St. Johns River dredge material hauled offshore

Location 4 miles off the beach

By Mark Collins - Meteorologist

A clamshell dredger The Paula Lee makes the first scoop in the Jacksonville River deepening project.

JACKSONVILLE, Fla. - A 20-foot hill lays under water about 4 miles east of Atlantic BeachM and it is growing taller. This is the dumping ground for silty muck and sand dredged from the bottom of the St. Johns River.

The depth between the river entrance and the Mayport ferry dock will increase from 40 to 47 feet during the 16-month operation.

Three million cubic yards of dredge material is will be dumped offshore in the first stage of river dredging. This equals 250,000 average dump trucks.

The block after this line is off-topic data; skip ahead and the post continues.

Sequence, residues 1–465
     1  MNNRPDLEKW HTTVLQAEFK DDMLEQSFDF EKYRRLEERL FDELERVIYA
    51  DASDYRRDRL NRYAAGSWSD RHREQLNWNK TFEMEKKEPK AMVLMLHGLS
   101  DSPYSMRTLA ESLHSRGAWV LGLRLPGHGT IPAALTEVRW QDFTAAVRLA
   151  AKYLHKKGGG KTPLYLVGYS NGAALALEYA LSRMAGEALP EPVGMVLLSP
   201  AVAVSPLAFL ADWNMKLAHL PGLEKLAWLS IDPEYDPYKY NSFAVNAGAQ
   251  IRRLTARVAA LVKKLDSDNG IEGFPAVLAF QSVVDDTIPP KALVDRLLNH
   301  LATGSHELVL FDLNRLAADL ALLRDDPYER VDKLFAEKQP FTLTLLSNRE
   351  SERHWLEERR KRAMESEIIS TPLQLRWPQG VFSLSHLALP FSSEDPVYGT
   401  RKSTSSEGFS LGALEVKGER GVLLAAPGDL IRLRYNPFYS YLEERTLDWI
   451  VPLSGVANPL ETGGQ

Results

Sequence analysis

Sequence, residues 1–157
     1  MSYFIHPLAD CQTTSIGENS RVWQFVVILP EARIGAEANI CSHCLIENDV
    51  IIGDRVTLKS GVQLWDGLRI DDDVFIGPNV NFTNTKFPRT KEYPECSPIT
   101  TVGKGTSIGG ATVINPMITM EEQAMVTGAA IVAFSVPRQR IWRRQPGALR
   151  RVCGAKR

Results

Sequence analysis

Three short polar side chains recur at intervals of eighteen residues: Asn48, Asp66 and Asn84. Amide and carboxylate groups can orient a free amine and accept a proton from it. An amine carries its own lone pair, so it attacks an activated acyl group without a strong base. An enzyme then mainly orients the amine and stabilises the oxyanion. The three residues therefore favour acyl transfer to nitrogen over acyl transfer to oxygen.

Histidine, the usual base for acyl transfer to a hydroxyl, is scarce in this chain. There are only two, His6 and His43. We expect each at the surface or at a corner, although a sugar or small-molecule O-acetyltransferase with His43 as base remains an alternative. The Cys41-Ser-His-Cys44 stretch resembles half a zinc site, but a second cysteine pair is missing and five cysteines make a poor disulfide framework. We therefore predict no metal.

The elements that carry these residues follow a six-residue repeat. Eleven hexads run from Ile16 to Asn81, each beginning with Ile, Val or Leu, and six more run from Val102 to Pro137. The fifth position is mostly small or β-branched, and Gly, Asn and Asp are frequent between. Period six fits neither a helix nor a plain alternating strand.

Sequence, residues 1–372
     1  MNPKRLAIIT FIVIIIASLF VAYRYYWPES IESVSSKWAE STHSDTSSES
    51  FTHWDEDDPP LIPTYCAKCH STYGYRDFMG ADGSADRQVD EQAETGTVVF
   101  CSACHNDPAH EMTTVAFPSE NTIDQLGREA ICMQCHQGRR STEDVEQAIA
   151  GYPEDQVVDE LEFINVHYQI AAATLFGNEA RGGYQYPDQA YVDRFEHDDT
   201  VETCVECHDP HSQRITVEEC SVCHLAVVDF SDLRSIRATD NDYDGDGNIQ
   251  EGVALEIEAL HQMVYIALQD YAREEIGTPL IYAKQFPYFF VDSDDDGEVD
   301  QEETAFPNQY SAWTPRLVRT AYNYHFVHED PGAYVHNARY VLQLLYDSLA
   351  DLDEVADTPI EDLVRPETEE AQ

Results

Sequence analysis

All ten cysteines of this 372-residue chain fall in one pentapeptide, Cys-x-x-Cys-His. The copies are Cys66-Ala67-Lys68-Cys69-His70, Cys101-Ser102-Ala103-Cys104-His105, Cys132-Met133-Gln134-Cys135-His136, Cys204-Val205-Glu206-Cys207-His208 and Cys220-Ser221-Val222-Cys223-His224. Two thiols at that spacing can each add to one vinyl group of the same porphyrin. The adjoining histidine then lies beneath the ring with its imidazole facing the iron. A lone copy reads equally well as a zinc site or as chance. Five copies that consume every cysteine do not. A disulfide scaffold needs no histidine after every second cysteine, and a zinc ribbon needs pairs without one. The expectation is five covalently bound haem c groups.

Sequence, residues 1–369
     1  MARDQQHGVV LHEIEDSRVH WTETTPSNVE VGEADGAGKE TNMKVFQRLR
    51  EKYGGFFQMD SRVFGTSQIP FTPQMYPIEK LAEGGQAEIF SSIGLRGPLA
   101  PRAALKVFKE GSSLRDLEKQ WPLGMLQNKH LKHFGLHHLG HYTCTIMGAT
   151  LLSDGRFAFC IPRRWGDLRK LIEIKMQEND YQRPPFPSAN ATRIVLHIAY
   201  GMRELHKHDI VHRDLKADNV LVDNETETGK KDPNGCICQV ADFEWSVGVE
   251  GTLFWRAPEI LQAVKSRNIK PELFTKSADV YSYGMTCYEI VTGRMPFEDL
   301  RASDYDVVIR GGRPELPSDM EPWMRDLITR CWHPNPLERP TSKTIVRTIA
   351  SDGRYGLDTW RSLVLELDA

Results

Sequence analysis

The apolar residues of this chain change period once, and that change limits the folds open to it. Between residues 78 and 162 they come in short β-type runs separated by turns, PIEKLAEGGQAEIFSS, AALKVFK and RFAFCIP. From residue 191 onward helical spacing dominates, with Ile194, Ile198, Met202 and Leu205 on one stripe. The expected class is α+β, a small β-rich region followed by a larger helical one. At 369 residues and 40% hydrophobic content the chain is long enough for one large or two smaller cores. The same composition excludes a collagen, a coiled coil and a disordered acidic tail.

Dredging the bottom maintains navigation in the river when sand and silt washes downstream into the river gradually filling it with sediments.

Some of the sand pulled out of the river is used to renourish our coastline but often its not the right type of fill material suited for our beaches. Most is barged out six miles southeast of the river mouth and dumped in 20-40 feet of water at the Ocean Dredged Material Disposal Site (ODMDS).

Most dredged materials consisting of rock, gravel, shell hash, silts, soft clays and sand mixtures.

Pile of sand has grown since the first deposits were made in 1952. Since then the mound has remained mostly intact but some sand has shifted southward due to predominant currents flowing to the southwest in the fall and winter.

Larger waves in the area are predominantly from the east and occur in the winter, which can re-suspension sediment on the seafloor even 40 feet deep.

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